Eve of Destruction 

Why create a car just to destroy it? Because it's fun to do while drinkin' beer and bullshittin' with some of your friends.

Page 5 of 7

In the shade of the garage, where Trisha Yearwood sings from an old radio, Missy organizes her tools: little cups of orange and blue paint and assorted paintbrushes. Brandon sprays on the yellow and fifteen minutes later, when the paint dries, gives Missy the okay. He then disappears under the car to adjust the driveshaft assembly. Missy starts on the driver's side door, where she paints the outline on the number. Brandon's is 13. When she's done, she stands back to survey her work, wrinkling her nose with disapproval. "It looks like little-kid writing," she says.

"That's okay, babe," comes Brandon's voice from under the Impala. "I don't care how it looks. Won't last that long, anyway."

Next come the names. Brandon's goes on the roof, above the driver's side seat. The name of the wife or girlfriend is painted above the passenger side seat. Today, Missy's name will appear there. For the past two years, though, when Brandon did not have a girlfriend, he used his dog's name: Cash (after Johnny).

Missy, who is barely five feet tall, is having difficulty getting at the roof. "How am I gonna reach the top, babe?" she asks.

Brandon sticks his head out from under the car. "What do you mean, babe?"

"I can't reach up there. I need something to stand on."

"Like what, babe?"

"I don't know. A bucket or something." Brandon climbs out from under the car and fetches Missy a bucket from the garage. "Thanks, babe," she says.

"No problem, babe," Brandon says. Then he leans in, wraps his arms around her waist, and kisses her firm on the mouth.

It takes ninety minutes for Missy to paint on the rest of the details, all of which have been carefully diagrammed by Brandon. First, she paints on the words Kemps Concrete, a fictitious company. Brandon has it painted on all of his cars, ever since a derby in Sonora when some losers alleged that he and Kemps had poured concrete into their frames, a form of cheating of which the crew at the pig farm disapproves deeply. Everyone cheats to some extent, they say, mainly by welding strips of strengthening metal to the engine block. But pouring concrete in the frame is crossing the line, and Brandon was initially incensed by the accusations. Over time, though, he came to embrace them. "Shows they respect me," he says. "I drive so well that they think I must have concrete in my frame."

Next Missy paints Holt Bros Racing on the trunk. Then, on the hood, the tag FBI, which stands for Fat Boys Incorporated. All the Holts paint FBI on their cars. Missy explains why: "They're all brothers and they're all extra-large."

As a final touch, Missy paints Cash's name on the Impala's rear fender, because while the dog has been booted from the roof he cannot be left off completely.


Brandon pulls into the pit area of the Altamont Raceway at four -- three hours before the action is set to begin. One arm on the steering wheel, the other draped around Missy, he steers the towing bed slowly past rival drivers, giving them all a good, long look at the yellow Impala.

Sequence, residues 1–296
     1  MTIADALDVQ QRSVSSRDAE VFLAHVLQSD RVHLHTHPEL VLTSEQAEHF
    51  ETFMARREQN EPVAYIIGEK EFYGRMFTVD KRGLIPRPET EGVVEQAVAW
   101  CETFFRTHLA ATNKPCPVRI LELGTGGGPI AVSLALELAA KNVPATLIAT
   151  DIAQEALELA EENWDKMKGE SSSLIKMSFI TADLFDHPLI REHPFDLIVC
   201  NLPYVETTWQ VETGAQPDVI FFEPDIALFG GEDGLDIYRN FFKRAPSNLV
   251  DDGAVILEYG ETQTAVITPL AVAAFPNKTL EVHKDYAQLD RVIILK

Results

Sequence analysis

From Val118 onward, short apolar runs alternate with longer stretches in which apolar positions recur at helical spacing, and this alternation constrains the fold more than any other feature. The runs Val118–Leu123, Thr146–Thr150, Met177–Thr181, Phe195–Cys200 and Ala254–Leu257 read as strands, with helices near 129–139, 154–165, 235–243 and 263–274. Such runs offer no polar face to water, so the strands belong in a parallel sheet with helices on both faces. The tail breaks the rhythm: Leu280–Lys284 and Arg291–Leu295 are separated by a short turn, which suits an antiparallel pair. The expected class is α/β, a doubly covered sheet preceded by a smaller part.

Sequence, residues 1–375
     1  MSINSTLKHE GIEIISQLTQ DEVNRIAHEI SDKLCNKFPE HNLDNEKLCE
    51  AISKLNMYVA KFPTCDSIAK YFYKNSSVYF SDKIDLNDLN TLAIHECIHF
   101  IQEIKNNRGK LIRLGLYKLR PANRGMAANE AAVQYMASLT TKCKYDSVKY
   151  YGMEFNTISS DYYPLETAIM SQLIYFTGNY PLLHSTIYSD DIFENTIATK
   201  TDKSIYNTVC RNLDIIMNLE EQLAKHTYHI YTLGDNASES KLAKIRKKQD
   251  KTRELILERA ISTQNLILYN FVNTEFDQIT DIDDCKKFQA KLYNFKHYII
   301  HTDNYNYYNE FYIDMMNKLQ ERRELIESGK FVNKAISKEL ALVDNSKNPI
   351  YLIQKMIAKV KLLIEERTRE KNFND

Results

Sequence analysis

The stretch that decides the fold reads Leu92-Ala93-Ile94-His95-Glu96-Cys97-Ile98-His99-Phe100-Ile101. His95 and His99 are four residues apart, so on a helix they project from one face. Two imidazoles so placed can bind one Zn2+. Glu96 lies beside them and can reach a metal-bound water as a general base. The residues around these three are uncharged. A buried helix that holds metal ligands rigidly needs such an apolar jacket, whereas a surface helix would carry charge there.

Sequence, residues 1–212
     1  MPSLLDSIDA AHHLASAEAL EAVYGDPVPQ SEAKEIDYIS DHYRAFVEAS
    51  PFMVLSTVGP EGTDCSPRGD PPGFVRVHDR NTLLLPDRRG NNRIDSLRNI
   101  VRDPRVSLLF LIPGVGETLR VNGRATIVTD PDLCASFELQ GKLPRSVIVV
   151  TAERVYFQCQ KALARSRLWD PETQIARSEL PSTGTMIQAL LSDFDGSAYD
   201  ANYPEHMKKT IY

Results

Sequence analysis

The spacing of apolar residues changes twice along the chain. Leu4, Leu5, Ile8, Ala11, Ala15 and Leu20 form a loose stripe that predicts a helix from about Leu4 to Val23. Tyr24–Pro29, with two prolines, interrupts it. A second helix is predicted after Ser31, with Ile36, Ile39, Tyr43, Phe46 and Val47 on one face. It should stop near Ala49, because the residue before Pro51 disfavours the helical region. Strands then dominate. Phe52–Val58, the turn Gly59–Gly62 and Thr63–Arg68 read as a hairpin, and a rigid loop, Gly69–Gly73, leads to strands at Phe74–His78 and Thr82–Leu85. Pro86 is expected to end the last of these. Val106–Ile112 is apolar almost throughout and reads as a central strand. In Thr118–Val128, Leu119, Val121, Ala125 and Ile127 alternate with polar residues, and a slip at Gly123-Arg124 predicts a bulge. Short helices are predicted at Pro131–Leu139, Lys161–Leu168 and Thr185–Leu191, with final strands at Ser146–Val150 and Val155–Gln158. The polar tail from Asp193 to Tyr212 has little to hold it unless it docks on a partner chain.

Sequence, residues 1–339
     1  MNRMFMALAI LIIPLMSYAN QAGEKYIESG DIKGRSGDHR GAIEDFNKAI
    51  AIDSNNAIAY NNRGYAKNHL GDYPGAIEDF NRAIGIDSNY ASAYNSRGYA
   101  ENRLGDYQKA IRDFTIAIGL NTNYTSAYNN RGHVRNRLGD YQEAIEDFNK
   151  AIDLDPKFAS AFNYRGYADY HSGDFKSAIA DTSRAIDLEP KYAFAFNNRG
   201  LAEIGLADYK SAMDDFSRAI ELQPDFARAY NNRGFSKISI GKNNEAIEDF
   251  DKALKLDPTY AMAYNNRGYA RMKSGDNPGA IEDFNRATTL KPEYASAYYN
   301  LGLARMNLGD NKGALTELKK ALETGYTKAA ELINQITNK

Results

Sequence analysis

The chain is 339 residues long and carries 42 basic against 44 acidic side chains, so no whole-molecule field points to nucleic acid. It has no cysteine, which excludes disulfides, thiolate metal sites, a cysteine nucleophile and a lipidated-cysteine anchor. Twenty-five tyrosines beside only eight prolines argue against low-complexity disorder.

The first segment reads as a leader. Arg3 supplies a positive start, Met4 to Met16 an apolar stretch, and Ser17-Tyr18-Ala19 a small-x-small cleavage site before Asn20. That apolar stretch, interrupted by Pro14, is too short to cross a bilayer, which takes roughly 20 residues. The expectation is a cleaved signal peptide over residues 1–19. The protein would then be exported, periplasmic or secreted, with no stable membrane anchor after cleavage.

The towing bed belongs to Bubba, Brandon's best friend. Bubba, usually part of the Holt Crew, skipped this derby because his car, a '64 Chrysler Imperial, has too many illegal modifications. "I can only bring her to 'Run What You Brung' derbies, where there are no rules," he said one night at the pig farm. "You can pour fucking concrete into the frame if you want."

Bubba didn't do that. But he did weld an unbelievable amount of metal onto the frame. Normally, one spool of wire -- weighing eighty pounds -- is enough to weld three or four derby cars, but Bubba welded no less than four spools onto the frame of his Imperial. "That car has run six derbies already!" he says with a thunderous laugh. "Run what you brung, man. People at those derbies don't give a fuck."

For this derby, the last of the year, organizers have packaged it with a second event, something called an Enduro race. According to Sonny Nabors, the chief steward at the Altamont, 63 cars will be lined up nose-to-rear on a quarter-mile oval that has been soaked in soap, water, and smashed pumpkins. Nabors, a convivial man with a golden mustache that curls up at the ends, says that the Enduro is designed to give fans what they really want: crashes, and lots of them. Every car will wipe out at least once on the slick track, he promises. And unless the drivers are in serious peril, the race will not be stopped. They'll have to sit in their cars while the remaining drivers navigate the wreckage.

The Altamont Raceway holds seven thousand spectators. The crowd tonight, as at most derbies in California, is made up largely of families, men and women of all ages with small children perched on their shoulders. This event is another sell-out -- when the gates open, the line of people waiting to get inside extends hundreds of feet into the dirt parking lot -- and Nabors is not surprised. "These derbies are getting more and more popular every year," he says, gazing across the oval as the fans file in. "Look at those stands. Boy, we're gonna be packed tonight!"

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